In Nicaragua, the Struggle for Free and Fair Elections Continues

  • Stacey Pirtle, Marin Exler

In November 2021, Nicaraguans will head to the polls to decide the Presidency in their first general election since the April 2018 protests. Despite mounting pressure for meaningful electoral reform from citizens, opposition leaders, and international actors, electoral reforms recently approved by the National Assembly are cosmetic at best. Instead of improving ballot access, the reforms increase Daniel Ortega’s Sandinista National Liberation Front’s (FSLN) control over the elections, campaigning, and freedom of assembly.

Historical Context

In April 2018, Nicaraguans took to the streets in-mass protest due to changes in the pension system proposed by the government. These demonstrations grew larger, as many Nicaraguans harbored frustration with President Ortega’s 11-year rule. Peaceful protests were disrupted by a violent crackdown by the National Police that left over 300 people dead.

Three years later, the Nicaragua government has continued to limit the freedom of expression of Nicaraguan citizens and stifled dissent. Opposition leaders are under constant surveillance by police, arbitrary detentions are frequent, and many citizens are afraid to speak out due to fear of persecution.

In November, Nicaragua will hold general elections to decide the Presidency, and whether Nicaragua will continue the path with Ortega, or opt for change. However, the ability to implement genuine electoral reforms to ensure free and fair elections seems unlikely.

OAS pressures Ortega for electoral reforms

In 2016 and 2017, the Organization of American States (OAS) observed Nicaraguan elections and concluded that the “The electoral system of Nicaragua would benefit from a comprehensive electoral reform that addresses various topics,” and that ”A permanent judicial and administrative framework that gives more confidence and security to political forces and citizens is necessary.” The government cooperated with the process, and in 2017 Ortega signed an agreement with the OAS pledging to strengthen Nicaragua’s electoral institutions. The agreement was effective for three years; however, no substantive reforms occurred, and it expired in February 2020.

Last October, the OAS General Assembly adopted a resolution setting a May 2021 deadline for the Government of Nicaragua to implement the electoral reforms needed to ensure free, fair, and transparent elections come November. The resolution called for Nicaragua to modernize its Supreme Electoral Council (CSE), the leading body that reviews all legality surrounding election-related processes currently controlled by FSLN. The resolution also called for open registration of new political parties, increased transparency, and management of electoral processes among other critical reforms.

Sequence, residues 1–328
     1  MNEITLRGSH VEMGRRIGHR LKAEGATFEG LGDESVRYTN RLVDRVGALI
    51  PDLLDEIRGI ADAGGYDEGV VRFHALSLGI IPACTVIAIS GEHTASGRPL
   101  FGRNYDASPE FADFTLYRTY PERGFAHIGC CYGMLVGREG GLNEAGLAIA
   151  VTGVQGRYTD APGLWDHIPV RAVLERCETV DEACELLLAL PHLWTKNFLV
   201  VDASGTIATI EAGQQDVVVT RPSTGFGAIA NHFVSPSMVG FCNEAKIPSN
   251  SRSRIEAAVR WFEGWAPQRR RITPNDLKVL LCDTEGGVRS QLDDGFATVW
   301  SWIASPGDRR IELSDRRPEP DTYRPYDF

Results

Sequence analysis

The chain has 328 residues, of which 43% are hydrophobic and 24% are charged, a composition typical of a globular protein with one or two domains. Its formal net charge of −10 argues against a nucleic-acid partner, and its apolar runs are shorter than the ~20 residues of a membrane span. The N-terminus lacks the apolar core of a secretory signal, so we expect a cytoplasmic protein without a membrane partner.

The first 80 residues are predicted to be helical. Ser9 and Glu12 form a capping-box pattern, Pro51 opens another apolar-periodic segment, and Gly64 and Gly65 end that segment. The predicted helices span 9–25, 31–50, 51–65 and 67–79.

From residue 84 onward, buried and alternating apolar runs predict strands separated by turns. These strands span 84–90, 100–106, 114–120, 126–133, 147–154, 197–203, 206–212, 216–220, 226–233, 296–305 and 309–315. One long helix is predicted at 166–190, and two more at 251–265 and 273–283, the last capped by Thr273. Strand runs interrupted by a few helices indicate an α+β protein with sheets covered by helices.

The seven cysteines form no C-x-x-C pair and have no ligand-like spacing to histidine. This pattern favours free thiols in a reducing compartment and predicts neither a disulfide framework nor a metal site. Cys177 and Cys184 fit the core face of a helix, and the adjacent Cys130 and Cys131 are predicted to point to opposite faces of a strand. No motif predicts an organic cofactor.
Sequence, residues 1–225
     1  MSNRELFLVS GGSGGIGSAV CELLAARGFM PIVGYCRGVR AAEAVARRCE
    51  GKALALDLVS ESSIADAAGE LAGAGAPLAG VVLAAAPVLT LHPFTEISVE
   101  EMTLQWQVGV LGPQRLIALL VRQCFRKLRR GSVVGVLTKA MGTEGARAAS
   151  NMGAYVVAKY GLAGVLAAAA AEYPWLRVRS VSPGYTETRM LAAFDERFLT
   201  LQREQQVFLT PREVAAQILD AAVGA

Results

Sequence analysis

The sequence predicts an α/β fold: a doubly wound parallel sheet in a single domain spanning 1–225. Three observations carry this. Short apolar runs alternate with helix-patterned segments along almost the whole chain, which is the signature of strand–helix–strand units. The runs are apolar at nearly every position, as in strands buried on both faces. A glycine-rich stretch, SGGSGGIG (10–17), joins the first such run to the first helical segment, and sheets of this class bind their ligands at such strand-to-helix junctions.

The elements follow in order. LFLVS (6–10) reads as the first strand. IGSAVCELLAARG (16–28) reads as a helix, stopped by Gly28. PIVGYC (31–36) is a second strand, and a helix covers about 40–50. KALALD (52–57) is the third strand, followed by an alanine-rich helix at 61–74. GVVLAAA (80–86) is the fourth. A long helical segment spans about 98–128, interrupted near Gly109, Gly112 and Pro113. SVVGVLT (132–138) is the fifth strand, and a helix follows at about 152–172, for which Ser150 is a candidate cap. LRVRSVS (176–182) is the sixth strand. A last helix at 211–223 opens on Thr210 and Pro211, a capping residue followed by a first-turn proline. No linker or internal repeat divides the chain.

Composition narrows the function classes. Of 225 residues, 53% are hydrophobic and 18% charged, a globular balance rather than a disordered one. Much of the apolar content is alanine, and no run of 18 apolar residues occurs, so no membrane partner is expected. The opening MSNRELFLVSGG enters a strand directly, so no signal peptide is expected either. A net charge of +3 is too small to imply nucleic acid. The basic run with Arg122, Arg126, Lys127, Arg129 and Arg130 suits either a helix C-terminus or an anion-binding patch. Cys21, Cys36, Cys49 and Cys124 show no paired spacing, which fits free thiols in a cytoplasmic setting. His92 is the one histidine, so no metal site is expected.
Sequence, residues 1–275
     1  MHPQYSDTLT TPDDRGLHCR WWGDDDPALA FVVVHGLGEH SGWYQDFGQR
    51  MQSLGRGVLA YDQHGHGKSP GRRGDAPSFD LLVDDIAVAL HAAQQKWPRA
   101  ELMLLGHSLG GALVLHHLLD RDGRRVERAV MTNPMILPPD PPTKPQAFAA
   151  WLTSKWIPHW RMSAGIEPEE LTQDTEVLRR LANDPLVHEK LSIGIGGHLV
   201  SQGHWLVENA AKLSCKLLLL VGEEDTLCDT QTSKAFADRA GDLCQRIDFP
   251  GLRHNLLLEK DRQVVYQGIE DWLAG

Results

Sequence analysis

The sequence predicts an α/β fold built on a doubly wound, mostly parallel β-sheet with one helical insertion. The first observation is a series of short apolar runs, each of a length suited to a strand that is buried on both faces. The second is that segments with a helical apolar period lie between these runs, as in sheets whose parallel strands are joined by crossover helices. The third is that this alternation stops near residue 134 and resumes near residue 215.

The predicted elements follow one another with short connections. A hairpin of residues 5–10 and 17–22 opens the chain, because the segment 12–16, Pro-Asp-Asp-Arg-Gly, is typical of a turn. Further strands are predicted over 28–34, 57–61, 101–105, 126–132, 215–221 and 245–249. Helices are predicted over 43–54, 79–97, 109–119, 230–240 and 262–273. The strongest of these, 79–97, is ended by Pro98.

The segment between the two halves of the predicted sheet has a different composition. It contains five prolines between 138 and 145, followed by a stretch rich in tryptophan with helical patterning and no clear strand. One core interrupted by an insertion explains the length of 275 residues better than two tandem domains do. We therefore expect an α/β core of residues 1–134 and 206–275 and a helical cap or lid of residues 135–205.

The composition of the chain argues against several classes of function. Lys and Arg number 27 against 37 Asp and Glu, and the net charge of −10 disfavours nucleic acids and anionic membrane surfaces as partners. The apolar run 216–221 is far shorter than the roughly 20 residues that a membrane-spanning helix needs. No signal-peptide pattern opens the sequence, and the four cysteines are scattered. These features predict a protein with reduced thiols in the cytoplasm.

Far from OAS requirements

After years of silence, on April 12th FSLN proposed electoral reforms in the National Assembly that severely inhibit the ability of the opposition to operate and deny Nicaraguan citizens their right to free and fair elections. The reforms maintain FSLN control over electoral institutions—including the CSE–and prohibit political parties, alliances, and candidates from receiving any direct or indirect funding from international sources, including support from Nicaraguans living in the diaspora. Lastly, the reforms move the responsibility for approving campaign marches or activities on public roadways from the CSE to the National Police. This would give the National Police, who have been a driving force of repression, the direct authority to restrict any electoral activity such as political rallies or party marches. The reforms were passed by the National Assembly on May 4th, along with approval of the FSLN-dominated CSE.

Opposition continues pressure

The reforms sparked immediate outrage among opposition groups and the international community. On April 22nd, the Nicaraguan opposition signed a joint statement rejecting the electoral reforms proposed by FSLN and demanded reforms that would guarantee free and fair elections. While the Nicaraguan opposition has yet to unify around one candidate or party, all 48 opposition groups united to sign this statement. In a session of the National Assembly on April 26th, Violeta Granera, of the pro-democracy group the National Blue and White Unity (UNAB), presented 18 objections to the electoral reforms proposed by FSLN. Additionally, the opposition nominated candidates to the CSE, however none were approved by the National Assembly. All magistrates serving on the CSE are now either members of the FSLN or allied parties. The dual force of the repressive electoral reforms, coupled with Supreme Electoral Council being dominated by the ruling party, making it extremely unlikely that the opposition will have a fair chance at competing in the elections.


In Nicaragua, the chance for free and fair elections come November looks slim. Despite this, the opposition and Nicaraguan civil society actors continue to show resilience in advocating for democracy and denouncing human rights abuses. The international community can and should continue their support for free and fair elections in Nicaragua and supporting human rights defenders. Without a unified response to these reforms from the international community, and without a unified movement within Nicaragua, President Ortega’s control will likely continue for the unforeseeable future.

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